The former owner of the San Francisco Giants has acquired a majority stake in San Francisco-based Golden Gaters Prods., a 17-year-old TV production and distribution company involved in sports, entertainment and public affairs specials.
Robert Lurie, a real estate magnate who sold the Giants to a Peter Magowan-led investment group for $ 100 million in January 1993, purchased a controlling interest in the privately held GGP for an undisclosed sum from founder and CEO David Peterson.
Peterson relinquished day-to-day control of the company nearly a year ago and now intends to retire, although he and Lurie will be part of a five-member management committee.
Lurie has named Corey Busch, a former exec VP of the Giants who also served as press secretary to the late San Francisco Mayor George Moscone, as chairman/CE O of the 50-person company.
Busch will head the management committee and seek to lead the company into the emerging multimedia arena. He also wants to expand its programming slate to include strips and weekly programs for syndication, cable and broadcast networks , according to GGP prez Bob Horowitz.
Horowitz helped form GGP, which evolved out of a one-time World Team Tennis team franchise. He will remain in the position he has held since Peterson stepped down from an active management role last March.
Bush and Lurie, who purchased the Giants in 1976, hope to position GGP to become a major player in the expanding television arena.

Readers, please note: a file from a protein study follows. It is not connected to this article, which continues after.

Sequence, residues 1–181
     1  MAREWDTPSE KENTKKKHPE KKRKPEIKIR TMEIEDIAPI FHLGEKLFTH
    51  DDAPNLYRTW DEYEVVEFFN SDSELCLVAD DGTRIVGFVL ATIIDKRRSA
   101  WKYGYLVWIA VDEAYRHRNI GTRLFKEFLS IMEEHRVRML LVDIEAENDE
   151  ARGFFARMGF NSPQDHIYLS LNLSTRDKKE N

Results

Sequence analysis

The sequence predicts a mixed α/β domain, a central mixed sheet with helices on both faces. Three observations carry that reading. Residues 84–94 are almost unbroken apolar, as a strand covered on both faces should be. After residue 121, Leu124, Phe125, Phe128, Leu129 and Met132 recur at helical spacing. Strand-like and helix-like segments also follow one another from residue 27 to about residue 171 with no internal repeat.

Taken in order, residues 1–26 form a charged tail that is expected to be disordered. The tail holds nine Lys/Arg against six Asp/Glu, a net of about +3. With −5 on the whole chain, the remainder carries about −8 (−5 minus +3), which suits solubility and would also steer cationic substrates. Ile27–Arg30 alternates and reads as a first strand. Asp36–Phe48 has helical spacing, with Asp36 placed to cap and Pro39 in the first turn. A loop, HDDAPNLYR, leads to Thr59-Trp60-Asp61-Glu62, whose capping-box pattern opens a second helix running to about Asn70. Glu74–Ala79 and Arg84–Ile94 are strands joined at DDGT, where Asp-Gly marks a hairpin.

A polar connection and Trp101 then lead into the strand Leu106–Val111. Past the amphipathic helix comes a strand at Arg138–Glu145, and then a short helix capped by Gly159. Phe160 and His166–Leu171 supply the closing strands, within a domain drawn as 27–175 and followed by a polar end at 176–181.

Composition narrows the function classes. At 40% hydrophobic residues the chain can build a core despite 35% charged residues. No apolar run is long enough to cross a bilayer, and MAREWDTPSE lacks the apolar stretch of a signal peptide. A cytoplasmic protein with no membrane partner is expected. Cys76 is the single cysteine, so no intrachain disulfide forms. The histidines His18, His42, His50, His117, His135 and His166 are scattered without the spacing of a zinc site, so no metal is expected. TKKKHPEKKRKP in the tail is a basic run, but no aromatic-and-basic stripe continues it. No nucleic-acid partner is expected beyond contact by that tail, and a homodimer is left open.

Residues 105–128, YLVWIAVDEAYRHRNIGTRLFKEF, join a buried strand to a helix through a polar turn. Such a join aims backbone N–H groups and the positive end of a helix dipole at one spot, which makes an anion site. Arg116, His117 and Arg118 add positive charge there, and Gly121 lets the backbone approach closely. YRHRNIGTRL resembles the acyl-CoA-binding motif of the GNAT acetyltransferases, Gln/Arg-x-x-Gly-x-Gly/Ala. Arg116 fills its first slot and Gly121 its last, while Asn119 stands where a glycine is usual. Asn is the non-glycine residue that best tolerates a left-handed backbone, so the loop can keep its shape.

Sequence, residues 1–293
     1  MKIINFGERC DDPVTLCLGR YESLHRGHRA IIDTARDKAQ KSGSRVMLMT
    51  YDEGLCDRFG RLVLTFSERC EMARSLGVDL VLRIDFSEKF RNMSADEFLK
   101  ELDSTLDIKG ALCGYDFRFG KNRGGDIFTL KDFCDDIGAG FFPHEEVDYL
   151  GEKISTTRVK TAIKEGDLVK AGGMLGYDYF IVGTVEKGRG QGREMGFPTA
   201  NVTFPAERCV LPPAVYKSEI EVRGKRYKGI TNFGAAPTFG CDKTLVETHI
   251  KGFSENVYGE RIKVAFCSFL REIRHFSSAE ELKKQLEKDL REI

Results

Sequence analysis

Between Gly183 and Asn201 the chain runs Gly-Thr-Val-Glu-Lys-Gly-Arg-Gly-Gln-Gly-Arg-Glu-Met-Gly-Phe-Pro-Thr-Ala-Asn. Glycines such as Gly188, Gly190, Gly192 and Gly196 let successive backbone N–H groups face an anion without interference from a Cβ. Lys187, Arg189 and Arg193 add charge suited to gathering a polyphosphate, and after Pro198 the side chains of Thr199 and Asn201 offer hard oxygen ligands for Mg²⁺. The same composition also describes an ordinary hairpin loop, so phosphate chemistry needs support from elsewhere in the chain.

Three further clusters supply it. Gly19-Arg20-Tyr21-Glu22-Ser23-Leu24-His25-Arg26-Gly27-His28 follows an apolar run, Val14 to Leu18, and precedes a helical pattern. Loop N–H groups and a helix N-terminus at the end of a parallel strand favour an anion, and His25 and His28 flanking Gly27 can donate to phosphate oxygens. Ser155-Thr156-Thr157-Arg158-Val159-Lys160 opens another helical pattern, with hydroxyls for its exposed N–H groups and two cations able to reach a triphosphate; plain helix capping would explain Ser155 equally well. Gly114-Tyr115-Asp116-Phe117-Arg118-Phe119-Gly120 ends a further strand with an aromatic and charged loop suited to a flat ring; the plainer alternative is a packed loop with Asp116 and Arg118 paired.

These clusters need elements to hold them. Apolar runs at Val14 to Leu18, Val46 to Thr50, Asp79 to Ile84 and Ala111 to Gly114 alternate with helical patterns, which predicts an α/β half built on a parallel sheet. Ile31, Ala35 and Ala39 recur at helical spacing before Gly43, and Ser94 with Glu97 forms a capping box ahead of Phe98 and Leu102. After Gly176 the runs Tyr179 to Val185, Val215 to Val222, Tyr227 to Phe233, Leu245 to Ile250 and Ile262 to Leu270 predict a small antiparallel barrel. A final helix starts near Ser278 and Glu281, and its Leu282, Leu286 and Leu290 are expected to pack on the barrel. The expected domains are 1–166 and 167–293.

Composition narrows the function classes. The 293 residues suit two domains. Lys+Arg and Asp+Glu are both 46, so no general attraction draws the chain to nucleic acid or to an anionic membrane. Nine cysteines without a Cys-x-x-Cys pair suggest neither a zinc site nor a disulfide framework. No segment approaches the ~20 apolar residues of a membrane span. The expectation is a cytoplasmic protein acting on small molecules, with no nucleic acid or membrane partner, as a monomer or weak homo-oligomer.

“There are countless opportunities for expansion,” Busch said. “As the number ofchannels increase, there will be greater demand for programming … We see tremendous opportunities in the coming year for companies like GGP.”
Still, Busch said the new management team has “no grandiose plans to turn things upside down” at the company, which also is involved in barter, post-production and event management.
The infusion of cash and “additional management firepower” will allow GGP to grow at a much more rapid pace, Horowitz said.
Beyond deep pockets, he noted that Lurie and Busch can help the company grow via their extensive contacts in the TV industry and among advertisers.
A relationship between the owner of GGP and NBC West Coast prez Don Ohlmeyer, a former sports producer, can go a long way for a company trying to expand its programming reach, Horowitz said.
GGP has a full slate of programming for 1994, but the company is poised to break into new areas starting next year.
He suggested the first step may be entertainment specials for network TV, a “natural evolution” from an Academy Awards special that it syndicates annually in addition to a spate of sports and public affairs shows.